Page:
When a bumbling pair of employees at a medical supply warehouse accidentally release a deadly gas into the air, the vapors cause the dead to re-animate as they go on a rampage through ... See full summary »
Eight college students traveling to Florida for Spring Break stumble into a remote town in Georgia where they are set upon by the residents who are out to avenge their deaths by Union troops over 100 years earlier during the Civil War.
A group of men head to a remote village to help one of their friends get over his divorce; when they get there, though, they discover that all the women have been infected with a virus that makes them man-hating cannibals.
A man decides to turn his moribund life around by winning back his ex-girlfriend, reconciling his relationship with his mother, and dealing with an entire community that has returned from the dead to eat the living.
A motley crew of tourists embark on a boat ride of the haunted Louisiana bayous where they learn the terrifying tale of local legend "Victor Crowley"; a horribly disfigured man who was tragically and accidentally killed with a hatchet by the hands of his own father. But when the boat sinks and the ghost story turns out to be real, the group tries desperately to escape the swamp with their lives...and all of their pieces. Written by
When actor Joel David Moore vomits on screen, it is real. Director Adam Green did not want the actors spitting out fake vomit like most films do. Though Joel managed to throw-up on his own for the first take, he was supplied with a mixture of cold clam chowder and orange juice for the second take. See more »
During the scene in the bus, it is obvious that the bus is in park (pointed out by the director in the commentary). See more »
[two men are on a boat in a swamp at night]
Come on, Pa. We've been out here over three hours. I mean we don't even know where the hell she went.
She's at least... 12-footer if I ever saw one. No, I ain't leavin' here without her.
Man, I'm cold.
[Sampson notices brief activity with the water]
Shh. Shut your hole.
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Writing a review for Hatchet is almost pointless. Devotees of the horror genre will see this no matter what is written. In fact, a certain rhetorically named fan-boy website that prides itself on cool news has already lauded the movie's villain as the next horror icon. While I wouldn't be too sure about that, Hatchet does make one thing clear at least, and that's that writer/director Adam Green has undeniable talent.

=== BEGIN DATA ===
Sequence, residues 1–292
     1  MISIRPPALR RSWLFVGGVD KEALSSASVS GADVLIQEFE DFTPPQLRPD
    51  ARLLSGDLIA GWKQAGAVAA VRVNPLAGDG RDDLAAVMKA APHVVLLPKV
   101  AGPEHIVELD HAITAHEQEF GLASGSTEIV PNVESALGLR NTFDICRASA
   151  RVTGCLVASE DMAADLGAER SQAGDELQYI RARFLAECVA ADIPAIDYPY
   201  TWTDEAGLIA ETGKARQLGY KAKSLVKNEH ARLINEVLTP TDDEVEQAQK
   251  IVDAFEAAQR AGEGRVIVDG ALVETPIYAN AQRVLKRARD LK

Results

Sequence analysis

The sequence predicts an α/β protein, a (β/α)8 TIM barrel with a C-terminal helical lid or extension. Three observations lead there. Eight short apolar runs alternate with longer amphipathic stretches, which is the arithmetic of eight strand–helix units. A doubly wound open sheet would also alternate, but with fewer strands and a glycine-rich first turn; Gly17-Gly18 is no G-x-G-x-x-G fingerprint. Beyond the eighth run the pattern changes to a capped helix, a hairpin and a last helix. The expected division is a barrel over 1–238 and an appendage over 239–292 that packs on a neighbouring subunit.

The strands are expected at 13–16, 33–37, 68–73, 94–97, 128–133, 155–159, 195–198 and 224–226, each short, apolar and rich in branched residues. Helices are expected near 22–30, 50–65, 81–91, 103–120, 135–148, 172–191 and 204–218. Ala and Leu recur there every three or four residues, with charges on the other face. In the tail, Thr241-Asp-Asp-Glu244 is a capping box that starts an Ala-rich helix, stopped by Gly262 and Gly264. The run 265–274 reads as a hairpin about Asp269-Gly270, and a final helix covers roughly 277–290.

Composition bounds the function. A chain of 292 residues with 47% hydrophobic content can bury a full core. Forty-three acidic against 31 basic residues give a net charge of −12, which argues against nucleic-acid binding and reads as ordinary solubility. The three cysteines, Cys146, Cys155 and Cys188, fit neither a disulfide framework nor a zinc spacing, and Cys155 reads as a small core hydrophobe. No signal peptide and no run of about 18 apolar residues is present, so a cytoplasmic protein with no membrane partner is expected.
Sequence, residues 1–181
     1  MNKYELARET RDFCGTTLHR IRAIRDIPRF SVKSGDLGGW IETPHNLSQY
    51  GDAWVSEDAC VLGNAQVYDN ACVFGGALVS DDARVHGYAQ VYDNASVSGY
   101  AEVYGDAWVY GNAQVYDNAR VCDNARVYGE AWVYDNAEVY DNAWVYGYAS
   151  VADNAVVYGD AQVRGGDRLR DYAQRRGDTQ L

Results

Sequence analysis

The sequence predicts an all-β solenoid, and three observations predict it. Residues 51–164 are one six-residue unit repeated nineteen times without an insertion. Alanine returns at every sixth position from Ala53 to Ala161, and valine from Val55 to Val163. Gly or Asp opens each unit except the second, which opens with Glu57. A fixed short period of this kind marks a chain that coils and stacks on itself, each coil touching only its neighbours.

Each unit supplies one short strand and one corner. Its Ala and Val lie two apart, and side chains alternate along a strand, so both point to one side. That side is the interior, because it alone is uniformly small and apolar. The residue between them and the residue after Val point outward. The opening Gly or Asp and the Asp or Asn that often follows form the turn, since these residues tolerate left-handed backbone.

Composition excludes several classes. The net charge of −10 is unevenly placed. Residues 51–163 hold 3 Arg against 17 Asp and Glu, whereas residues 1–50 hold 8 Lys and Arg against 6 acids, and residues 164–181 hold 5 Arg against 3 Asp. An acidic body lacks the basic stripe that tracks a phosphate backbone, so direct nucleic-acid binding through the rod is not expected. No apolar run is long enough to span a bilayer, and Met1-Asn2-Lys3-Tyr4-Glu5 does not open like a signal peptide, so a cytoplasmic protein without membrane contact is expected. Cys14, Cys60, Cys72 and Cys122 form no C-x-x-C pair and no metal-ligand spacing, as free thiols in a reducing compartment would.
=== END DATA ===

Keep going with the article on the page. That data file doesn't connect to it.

Structured largely as a parody of the Friday the 13th films, Hatchet casts legendary Jason Voorhees stand-in Kane Hodder as Victor Crowley, the deformed son of a backwoods Louisiana bayou fisherman (also played by Hodder), who was presumed killed years earlier in a house fire started by a bunch of tormenting local kids.
Green follows the stock formula for such movies: take a bunch of folks, find an excuse to strand them in monster country, and let the audience revel in watching them get picked off one-by-one.
Where Green excels, however, is in his smartly written, comically-paced script that is chalk full of genuinely funny inside jokes that are blatant winks at the audience and along the way establish more of a bond with Sean of the Dead than Halloween.
In terms of horror movies, there's nothing going on here that is particularly inventive or even scary, but Green clearly isn't out to achieve that. Rather, he's paying homage to a genre that he grew up with, as is clear by the cameos he's given to icons Robert Englund (Nightmare on Elm Street) and Tony Todd (Candyman and numerous others).
Bolstered by good acting, top notch production values, and intentionally rubbery costume effects, Hatchet panders to the fan-boy crowd in glorious revelry. Clearly Green knows his audience likes to sit back, kick the Fangoria magazines off the couch, and watch somebody take a belt sander in their kisser.
While I think labeling Victor Crowley as the next horror icon in the same vein as Jason, Michael Myers, and Freddy is complete preposterousness, saying Adam Green is someone to keep an eye on is a more realistic, and complimentary laurel.
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